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Smart Materials Research Examines Induced-Charge Electrophoresis

March 3, 2008

Fabricating these responsive materials on the microscale and nanoscale can enable the development of microscopic mixers, molecular shuttles, self-propelling microsensors, or a means of targeted drug delivery.


RALEIGH, NC /PRNewswire-USNewswire/ -- For the first time, researchers at North Carolina State University have demonstrated that microscopic "two-faced" spheres, whose halves are physically or chemically different—so-called Janus particles—will move like stealthy submarines when an alternating electrical field is applied to liquid surrounding the particles.

A paper describing the research, published in the February 8 edition of Physical Review Letters, advances knowledge about how potential smart materials—think of tiny engines or sensors—can move around and respond to changes in their environment. Janus particles could be used as microscopic mixers, molecular shuttles, self-propelling microsensors, or as a means of targeted drug delivery.

The researchers—Dr. Orlin Velev, Associate Professor of Chemical and Biomolecular Engineering at NC State and lead author of the paper; Sumit Gangwal, an NC State graduate student; Dr. Olivier Cayre, a post-doctoral researcher in Velev's lab; and Dr. Martin Bazant from the Massachusetts Institute of Technology—created tiny two-faced gold and plastic particles and applied low-frequency alternating current to the water containing the particles. The electric field was of voltage and frequency similar to the ones you'd get if you plugged a device into a socket in your home or office.

Velev says the micrometer-sized particles convert the electrical field into liquid motion around them and then unexpectedly propel themselves perpendicular to the direction of the powered electrodes—not in the direction of the electrical field, as would be expected. The particles always travel in the same orientation: with the plastic face as the front of the mini-submarine and the metallic face in the rear, Velev added.

The phenomenon—called induced-charge electrophoresis, which had been predicted in a theoretical model by the MIT collaborator—had not been demonstrated previously.

The term Janus particle comes from the name of a Roman god with two faces. Velev says that these materials have the potential to perform a variety of applications.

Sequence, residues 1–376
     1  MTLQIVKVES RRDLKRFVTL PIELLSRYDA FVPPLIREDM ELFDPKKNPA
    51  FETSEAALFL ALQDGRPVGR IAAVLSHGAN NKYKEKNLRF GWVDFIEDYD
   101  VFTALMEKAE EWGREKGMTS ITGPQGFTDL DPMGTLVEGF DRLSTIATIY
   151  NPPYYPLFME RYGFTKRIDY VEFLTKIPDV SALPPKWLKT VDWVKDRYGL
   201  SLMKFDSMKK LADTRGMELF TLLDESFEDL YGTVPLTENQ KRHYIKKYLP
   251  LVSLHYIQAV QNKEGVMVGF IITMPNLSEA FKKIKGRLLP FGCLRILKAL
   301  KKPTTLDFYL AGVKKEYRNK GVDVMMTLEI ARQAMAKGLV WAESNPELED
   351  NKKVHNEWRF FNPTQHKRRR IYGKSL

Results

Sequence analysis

"You can imagine other types of Janus particles comprising a smart gel that responds to a change in its environment and then releases drugs, for example," Velev says. Fabricating these responsive materials on the microscale and nanoscale is an exciting and rapidly developing area of science, he adds.

"We are able to create tiny Janus particles of the same size and shape and are beginning to learn how to give them functionality," Velev said. "The next step is to create more complex particles that are able to perform more specialized functions in addition to propelling themselves around."

The research is funded by the National Science Foundation and a Camile and Henry Dreyfus Teacher-Scholar grant. The paper "Induced Charge Electrophoresis of Metallodielectric Particles" was authored by Sumit Gangwal, Olivier J. Cayre, and Dr. Orlin D. Velev of NC State University and Dr. Martin Z. Bazant of the Massachusetts Institute of Technology, and published February 4, in Physical Review Letters.

Abstract
The application of AC electric fields in aqueous suspensions of anisotropic particles leads to unbalanced liquid flows and nonlinear, induced-charge electrophoretic motion. We report experimental observations of the motion of Janus microparticles with one dielectric and one metal-coated hemisphere, induced by uniform fields of frequency 100–10 kHz in NaCl solutions. The motion is perpendicular to the field axis and persists after particles are attracted to a glass wall. This phenomenon may find application in microactuators, microsensors, and microfluidic devices.

For additional information, contact Dr. Orlin Velev at 919-513-4318 or odvelev@unity.ncsu.edu.


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